Red Sox Nation is mourning the loss of adored former pitcher Tim Wakefield, who lost his battle with brain cancer on Sunday morning at the age of 57.

Before Red Sox president and CEO Sam Kennedy took questions at Boston’s end-of-season press conference at Fenway Park on Monday, he sent a message to the fans.

“Losing an icon like Tim Wakefield is an incredibly difficult thing,” Kennedy said. “We feel your pain and we’re really sorry for your loss.”

Kennedy acknowledged some of the Red Sox staff that had been supporting the Wakefield family since the organization found out about the diagnosis.

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Like many before him, Kennedy also reflected on a specific memory of his time with Wakefield.

“I remember the first time I was privileged to spend a significant amount of time with him,” Kennedy recalled. “It was on a team charter in 2002 when we went from Atlanta out to San Diego. It was June of 2002 and he asked me all about the Father’s Day catch on the field and he wanted to know what went into it, and why we did it … how it happened because no one was ever allowed on the field at Fenway Park. And it just struck me, ‘Boy, this is a regular guy.’ But we all know he was anything but regular.”

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Kennedy explained Wakefield’s genuine curiosity about the ballpark, the team, the business of baseball, the community work and everything that went into running the Red Sox right until the end of his life.

“I think back in our time here and the history of the Red Sox,” Kennedy said. “I’m not sure there’s a player that has been more active or involved with every area of the operation, players, front office member, broadcaster, community leader.”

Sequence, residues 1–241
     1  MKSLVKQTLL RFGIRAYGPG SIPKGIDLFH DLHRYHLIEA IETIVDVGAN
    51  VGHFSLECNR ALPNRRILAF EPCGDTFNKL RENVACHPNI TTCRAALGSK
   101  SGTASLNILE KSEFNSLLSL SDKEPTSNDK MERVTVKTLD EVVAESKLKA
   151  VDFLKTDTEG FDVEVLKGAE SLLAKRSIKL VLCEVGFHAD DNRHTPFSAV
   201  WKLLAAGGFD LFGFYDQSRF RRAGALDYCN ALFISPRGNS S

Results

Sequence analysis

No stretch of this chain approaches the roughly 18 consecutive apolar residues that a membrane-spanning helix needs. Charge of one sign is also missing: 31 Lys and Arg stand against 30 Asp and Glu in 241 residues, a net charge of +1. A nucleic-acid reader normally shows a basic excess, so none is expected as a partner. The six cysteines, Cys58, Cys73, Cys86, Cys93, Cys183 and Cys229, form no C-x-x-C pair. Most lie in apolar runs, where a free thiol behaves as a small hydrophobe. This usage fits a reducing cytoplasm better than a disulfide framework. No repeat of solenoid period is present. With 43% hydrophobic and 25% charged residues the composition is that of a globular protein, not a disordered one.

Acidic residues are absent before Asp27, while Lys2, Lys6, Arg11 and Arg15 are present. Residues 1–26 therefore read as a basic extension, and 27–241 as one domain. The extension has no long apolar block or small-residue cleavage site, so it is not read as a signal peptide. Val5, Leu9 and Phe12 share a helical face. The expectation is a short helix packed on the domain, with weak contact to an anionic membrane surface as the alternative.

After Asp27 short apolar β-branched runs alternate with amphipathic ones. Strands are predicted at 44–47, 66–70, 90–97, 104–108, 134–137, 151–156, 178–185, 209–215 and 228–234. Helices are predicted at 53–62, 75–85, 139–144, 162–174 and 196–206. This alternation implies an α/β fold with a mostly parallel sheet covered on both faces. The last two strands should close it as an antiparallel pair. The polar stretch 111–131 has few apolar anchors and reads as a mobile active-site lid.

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On Sunday, following the Red Sox’s finale against the Baltimore Orioles, game planning coordinator and catching coach Jason Varitek had a hard time articulating what Wakefield meant to him and his teammates.

“I don’t know if I need to say anything. I think I’m showing it,” Varitek said through tears. “I’ve always said it, Wake exemplifies what this uniform is. And it’s not just in the name on the back — it’s the name on the front.”

Kennedy thanks Varitek for his words.

“You said it perfectly yesterday on behalf of everybody,” Kennedy said. “Som thank you Tek for expressing to everyone what Wake meant to all of us.”

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Kennedy did say the Red Sox will find a way to pay tribute to Wakefield next season.

“It would be great to have a way to celebrate Wake where we can have all the fans who loved him as much as we did, participate and be a part of it,” Kennedy said. “… I think that we’ll hopefully be able to do something where everybody gets to feel a part of it.”

Featured image via Tom R. Smedes/Special to RGJ via Imagn Content Services / USA Today Sports Images